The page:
Ellen Oh, better known to her blueboarder and blogging buddies as ELLO is the author of the newly acquired and, what I am sure will be, the wildly successful Dragon King Chronicles, which will be Books for Young and “more mature” Adults.
The only disappointing news I have to share is that this novel isn’t scheduled to come out until the Summer of 2012 and then only the first of three of her books will be available: The Prophecy. And if you’re looking for strong female role models or characters you should be waiting with bated breath for this book.
“PROPHECY is about Kira Kang, the only female warrior of the Saulabi Army and a bona fide demon slayer”
Tell me that doesn’t whet your whistle for more—I’m only surprised it took so long to get published. And, I’m hoping Ellen will tell us all about her writing journey and how she felt when she knew she’d finally made it.
But first, a little bit about my blogging buddy:
Ello, as I’ve come to know her, grew up in NYC and moved down to the Washington, DC area to attend law school at Georgetown University. There she met her future husband who convinced her to stay and now she has 3 smart, funny, beautiful girls who keep her on her toes. They, along with her parents and her sister, are the nucleus of the awesome support she needed to become a writer.
But, I have a few questions I want to ask, so sit back, grab a cup of coffee and listen or “read all about it”.
What inspired you to create such a strong female character in The Prophecy:
Growing up my Dad always told me that I should never let anyone put me down or tell me I couldn't do something just because I was a girl. He said being strong isn't just about physical strength, it was about being strong mentally, spiritually, and being smart. He taught me to be tough, maybe a little too tough. I was always fighting, always in trouble. My parents used to joke and call me Xena, Warrior Princess. Of course it didn't help that I had nearly the same hairdo at the time. So it wouldn't be a surprise that I would write a strong female character. How could I not?
Where any of her characteristics derived from your own strong will to overcome obstacles (of course I’m sure you’re not fighting demons—maybe just slow tourists when they come to your town)?
Absolutely. Kira is reviled in Prophecy for being different. She looks different and she has a very unique talent. She can smell demons. Being perceived as different is clearly something I can relate to. I grew up dealing with a lot of racism. It's funny because I grew up in NYC where there are a lot of different minorities and cultures. You would think it would be more tolerant but instead the racism was in your face. Very different from where I live now, where I find that racism to be more covert and subtle. Racism can insidiously strip away a person's self worth. I had to fight that all my life and learn to appreciate and respect who I was despite the racial slurs and terrible acts of prejudice.
How did you ever come up with such a setting for your story?
I studied a lot about ancient Korea and found it fascinating so I knew that I wanted it to be the backdrop of my book. And also to weave in Korean myths and legends.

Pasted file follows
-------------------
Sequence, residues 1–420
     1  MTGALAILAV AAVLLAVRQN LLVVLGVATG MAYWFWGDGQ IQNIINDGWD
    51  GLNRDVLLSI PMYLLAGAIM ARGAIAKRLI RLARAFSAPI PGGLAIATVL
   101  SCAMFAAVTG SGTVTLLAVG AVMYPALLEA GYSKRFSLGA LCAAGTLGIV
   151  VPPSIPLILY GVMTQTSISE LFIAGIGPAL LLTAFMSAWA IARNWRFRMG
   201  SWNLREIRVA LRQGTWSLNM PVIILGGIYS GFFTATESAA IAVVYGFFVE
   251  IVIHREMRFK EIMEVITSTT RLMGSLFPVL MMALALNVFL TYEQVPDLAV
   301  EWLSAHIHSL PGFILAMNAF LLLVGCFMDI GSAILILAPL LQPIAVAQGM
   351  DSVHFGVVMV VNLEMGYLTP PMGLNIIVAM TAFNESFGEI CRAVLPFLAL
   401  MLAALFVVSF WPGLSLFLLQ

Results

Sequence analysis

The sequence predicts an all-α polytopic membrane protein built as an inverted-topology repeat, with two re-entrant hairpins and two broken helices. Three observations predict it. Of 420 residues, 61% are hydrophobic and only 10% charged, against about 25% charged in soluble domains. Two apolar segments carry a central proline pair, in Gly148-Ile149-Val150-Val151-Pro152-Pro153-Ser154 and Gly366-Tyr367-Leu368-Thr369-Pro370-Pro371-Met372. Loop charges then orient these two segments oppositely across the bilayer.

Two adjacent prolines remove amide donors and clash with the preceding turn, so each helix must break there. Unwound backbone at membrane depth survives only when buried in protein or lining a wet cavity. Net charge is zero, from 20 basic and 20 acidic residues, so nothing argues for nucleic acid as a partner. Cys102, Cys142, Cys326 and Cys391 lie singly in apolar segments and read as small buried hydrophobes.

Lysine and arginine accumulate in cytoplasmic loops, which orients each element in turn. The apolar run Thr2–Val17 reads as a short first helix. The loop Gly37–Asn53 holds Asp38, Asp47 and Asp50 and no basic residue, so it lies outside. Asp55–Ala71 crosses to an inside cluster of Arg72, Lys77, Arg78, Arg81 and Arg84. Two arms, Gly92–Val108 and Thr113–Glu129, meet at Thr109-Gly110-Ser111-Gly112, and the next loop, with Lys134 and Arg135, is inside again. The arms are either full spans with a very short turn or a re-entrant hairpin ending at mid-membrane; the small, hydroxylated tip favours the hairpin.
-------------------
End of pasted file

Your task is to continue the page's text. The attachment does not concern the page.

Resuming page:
Can you tell us anything about the next two books?
It's a surprise!
Do you hope teenage girls will be inspired to become stronger (again not fighting demons) because of your book and more willing to face challenges in life?
I know that part of why I wrote this book was because I have 3 girls myself and I want them to know that girls can do anything that boys can do, and do it better. An important theme of my book is the idea that nothing is impossible. There are always naysayers in life, but we can't let them put us down. Don't believe the words of other people, only believe in yourself and what you can achieve if you set your mind to it.
Can you tell us about your writing journey?
It was long and boring and at times very treacherous. But I made it!
Were there any challenges you faced in the publishing arena?
I talked about this in my LIfe is Good post. How I had so many people tell me that no one would be interested in a book about ancient Korea. In fact, I remember being in a writing class and this one male writer began to harangue me about how no one would ever publish my book because it was too oriental for western sensibilities. Bad enough he used the term "oriental" which I dislike, but he publicly mocked me for wasting my time and not understanding the American marketplace. I wish I still knew him only so I could rub this in his face. Yeah, I don't turn the other cheek very well... I admit to wanting to go up to him and say "How do you like me now?"
What advice would you want to give to budding writers?
If you truly believe in your story, then don't give up. But make sure you truly believe in it. Prophecy was my third book. My other 2 books may never see the light of day for good reason. I knew I had to put them away. It would have been a waste of my time to keep working on them. That recognition of when to put something away and when to continue to fight for it, is important as a writer. When I wrote Prophecy, I knew it was different. Here was something I really believed in. That I was willing to fight for. I never gave up on it because I knew it had great potential. I'm really blessed to have found both an agent and an editor who saw that same potential and loved my book as much as I did.
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